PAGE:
Real Couple Stories: Erica & Alana Talk Raising A Black Son As Two Lesbian Women

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MN: How did you go about choosing a donor? Was race a part of the discussion? What was it that you liked about the donor that you chose?

Erica: I initially wanted a donor who looked like they could have been related to Alana. So she’s Jewish, so I wanted someone Jewish.

Alana: And I was like, ‘Then you get every chromosomal disorder on earth. Please don’t check that box.’

Erica: And when you check it, it goes from 100 guys to like four. I was like, ‘Alright, he doesn’t have to be a Jew. I can let that go.’ But then trying to find someone who was smart and seemed caring. You’re trying to figure out all these qualities reading a profile.

Alana: You’re skipping ahead of yourself. Erica was deadset on this donor looking like me. I said the entire time I literally said, ‘I do not care. All I want is a healthy baby. I couldn’t give a sh*t if my kid was bright red, I would be happy, all I want is a healthy baby. For me, what was more important was clean, family medical history, no history of mental illness. I was more concerned with the genetic part of it. Erica was like, ‘I want a blond haired, blue-eyed person.’

Erica: I was concerned about the family history but if there was a way for us to make a person, with our two eggs, I wanted our baby to be what would happen.

Alana: So we had picked out three people that we liked. They were all White, with varying skin tone and hair color and then we went to the fertility doctor and she asked if they had done genetic testing. And we said, ‘We don’t know.’ And we checked and none of them did. And the doctor said, ‘Well, the cryobank is offering free genetic testing on all the new sperm they’re releasing, you can have free genetic testing on the donor. So we went back and looked again and our donor is half Black and half White. So our son will be ¾ Black and ¼ White.

Erica: What’s interesting about this is they give you pictures of them as children but they also give you celebrities and athletes that the people at the cryobank think they look like as adults. Our sperm donor is half Black, half White but all of his celebrities are Hispanic men. So we’re not really sure what our kid is going to look like.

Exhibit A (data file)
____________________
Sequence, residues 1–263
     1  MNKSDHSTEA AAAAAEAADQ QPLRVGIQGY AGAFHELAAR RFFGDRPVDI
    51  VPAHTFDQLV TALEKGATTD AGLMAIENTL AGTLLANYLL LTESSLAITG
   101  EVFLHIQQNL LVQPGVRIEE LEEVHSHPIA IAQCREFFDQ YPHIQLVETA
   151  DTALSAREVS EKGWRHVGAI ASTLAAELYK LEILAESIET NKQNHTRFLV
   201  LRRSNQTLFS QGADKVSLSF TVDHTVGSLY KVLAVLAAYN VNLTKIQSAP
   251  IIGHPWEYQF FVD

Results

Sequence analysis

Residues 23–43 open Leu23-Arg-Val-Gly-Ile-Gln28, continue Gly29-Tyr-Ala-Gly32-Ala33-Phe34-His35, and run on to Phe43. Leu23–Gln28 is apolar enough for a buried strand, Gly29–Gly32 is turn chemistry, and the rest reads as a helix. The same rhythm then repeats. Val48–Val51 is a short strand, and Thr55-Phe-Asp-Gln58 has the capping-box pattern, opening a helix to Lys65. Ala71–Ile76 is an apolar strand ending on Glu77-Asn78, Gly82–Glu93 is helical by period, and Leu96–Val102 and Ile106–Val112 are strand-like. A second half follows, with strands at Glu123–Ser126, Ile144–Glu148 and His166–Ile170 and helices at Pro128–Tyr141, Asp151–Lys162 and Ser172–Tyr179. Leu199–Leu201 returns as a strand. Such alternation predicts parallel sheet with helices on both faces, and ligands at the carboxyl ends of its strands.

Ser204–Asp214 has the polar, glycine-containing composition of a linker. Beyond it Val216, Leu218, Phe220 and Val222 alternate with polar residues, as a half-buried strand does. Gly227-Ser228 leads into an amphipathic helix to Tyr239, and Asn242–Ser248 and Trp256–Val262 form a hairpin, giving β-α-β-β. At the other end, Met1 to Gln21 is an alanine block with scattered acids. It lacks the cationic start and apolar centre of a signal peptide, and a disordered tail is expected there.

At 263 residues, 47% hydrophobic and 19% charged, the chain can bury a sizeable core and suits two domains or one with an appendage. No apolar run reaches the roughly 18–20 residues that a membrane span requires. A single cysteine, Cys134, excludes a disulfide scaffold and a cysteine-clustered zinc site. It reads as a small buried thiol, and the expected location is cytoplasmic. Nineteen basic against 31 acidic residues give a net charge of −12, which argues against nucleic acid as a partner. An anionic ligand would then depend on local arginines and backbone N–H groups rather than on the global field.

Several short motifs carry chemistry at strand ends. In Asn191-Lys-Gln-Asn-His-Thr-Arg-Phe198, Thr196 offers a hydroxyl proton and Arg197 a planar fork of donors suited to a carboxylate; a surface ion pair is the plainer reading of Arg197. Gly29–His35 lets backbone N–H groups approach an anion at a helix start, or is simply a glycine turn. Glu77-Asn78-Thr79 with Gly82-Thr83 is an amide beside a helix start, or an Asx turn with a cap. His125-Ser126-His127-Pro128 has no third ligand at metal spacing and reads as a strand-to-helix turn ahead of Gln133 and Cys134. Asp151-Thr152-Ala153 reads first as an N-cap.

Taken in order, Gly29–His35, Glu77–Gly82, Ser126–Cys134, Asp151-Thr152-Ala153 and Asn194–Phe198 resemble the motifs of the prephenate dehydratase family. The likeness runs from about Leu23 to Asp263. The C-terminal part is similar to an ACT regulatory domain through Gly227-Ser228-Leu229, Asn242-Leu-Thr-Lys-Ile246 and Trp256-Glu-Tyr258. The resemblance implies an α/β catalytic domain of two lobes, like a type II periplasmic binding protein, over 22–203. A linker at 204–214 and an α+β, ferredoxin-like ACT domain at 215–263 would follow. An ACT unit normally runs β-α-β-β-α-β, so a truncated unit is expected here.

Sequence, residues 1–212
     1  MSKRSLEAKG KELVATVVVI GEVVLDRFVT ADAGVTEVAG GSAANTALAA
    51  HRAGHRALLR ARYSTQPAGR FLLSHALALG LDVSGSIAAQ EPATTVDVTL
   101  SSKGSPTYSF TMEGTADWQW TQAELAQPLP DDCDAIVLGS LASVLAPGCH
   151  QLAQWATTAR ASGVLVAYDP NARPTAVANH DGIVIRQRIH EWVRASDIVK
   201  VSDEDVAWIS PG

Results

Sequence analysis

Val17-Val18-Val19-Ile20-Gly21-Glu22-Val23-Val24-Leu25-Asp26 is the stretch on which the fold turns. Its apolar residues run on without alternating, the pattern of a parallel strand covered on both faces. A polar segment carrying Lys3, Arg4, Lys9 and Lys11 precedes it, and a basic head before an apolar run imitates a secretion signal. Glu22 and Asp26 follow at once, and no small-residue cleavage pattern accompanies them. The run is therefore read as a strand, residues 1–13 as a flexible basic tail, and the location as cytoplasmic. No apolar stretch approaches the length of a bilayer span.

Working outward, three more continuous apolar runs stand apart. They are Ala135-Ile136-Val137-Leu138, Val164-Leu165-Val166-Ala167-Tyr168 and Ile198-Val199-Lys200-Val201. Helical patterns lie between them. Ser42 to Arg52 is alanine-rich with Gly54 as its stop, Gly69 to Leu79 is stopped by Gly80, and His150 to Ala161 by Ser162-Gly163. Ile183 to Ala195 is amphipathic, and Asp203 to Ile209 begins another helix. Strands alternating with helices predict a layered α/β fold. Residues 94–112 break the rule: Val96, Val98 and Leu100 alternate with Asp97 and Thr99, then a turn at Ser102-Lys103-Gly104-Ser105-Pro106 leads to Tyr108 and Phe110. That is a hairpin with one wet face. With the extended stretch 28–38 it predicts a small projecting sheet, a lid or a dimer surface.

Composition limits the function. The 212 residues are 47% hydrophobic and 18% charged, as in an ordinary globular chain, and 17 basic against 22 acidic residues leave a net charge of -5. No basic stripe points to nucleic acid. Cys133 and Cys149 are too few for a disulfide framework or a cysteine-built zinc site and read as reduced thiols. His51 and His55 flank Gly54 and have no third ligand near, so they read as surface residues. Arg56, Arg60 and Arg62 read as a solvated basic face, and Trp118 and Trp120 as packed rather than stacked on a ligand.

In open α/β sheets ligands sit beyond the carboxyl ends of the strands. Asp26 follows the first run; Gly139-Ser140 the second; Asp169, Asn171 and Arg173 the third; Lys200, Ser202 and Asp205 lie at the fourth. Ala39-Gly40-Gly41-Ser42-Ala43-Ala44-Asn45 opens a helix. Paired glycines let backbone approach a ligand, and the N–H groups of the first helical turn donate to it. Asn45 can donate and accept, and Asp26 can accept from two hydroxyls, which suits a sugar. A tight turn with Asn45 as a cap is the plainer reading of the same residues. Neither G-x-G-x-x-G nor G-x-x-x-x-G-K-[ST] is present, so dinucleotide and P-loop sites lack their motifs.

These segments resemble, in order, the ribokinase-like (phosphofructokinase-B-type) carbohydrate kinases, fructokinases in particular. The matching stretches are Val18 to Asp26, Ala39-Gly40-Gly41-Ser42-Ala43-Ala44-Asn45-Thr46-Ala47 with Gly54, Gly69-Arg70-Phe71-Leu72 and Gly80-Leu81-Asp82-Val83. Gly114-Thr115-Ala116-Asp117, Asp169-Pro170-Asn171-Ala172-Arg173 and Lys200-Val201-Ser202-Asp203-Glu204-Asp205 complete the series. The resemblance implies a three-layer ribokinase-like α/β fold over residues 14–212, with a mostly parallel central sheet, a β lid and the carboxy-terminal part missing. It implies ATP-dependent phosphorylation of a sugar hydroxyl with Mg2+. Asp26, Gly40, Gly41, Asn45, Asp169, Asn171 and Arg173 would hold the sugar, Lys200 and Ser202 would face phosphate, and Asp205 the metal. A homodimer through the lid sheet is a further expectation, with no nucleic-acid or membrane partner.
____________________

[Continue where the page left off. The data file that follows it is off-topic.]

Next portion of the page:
Alana: While I tell you that I don’t care at all what shade this kid is, I do know that raising a young, Black man in America–there will be things I can teach him about being a good person and being smart and having good values and morals but I cannot relate to him on any level of what it means to be Black in America. That is something we talk about all of the time.

Erica: I sort of had a moment of panic a few months ago, right after we found out he was a boy– about the fact that most of the people in our circle are women. Most of our friends are other lesbian couples. And all of our friends who have had babies, are girls. So, we’re bringing a boy into a very female-saturated environment. Which I  think is great. But, especially now, he’s going to need men and men of color to tell him, ‘No, this is how you act as a man. This is how you act as a good man.’

My family and my closest male friends are all still in Maryland. I feel better about it now, but I really kind of struggled and asked, ‘Who do we know?’

Alana: Even though we’re saying that our son will need a strong male role model so he knows how to act like a man. I hate that that’s a thing. Because acting like a man? What does that mean? It’s a society built concept. For me, as long as we make a good human, that’s all I care about. But I’m not naive and I know how the world is and I know how America is. Like, the other part of this expensive conversation is even though I’ll be on the birth certificate, I, in theory, still have to adopt my own child because not every state recognizes the second parent on the birth certificate when it’s two women.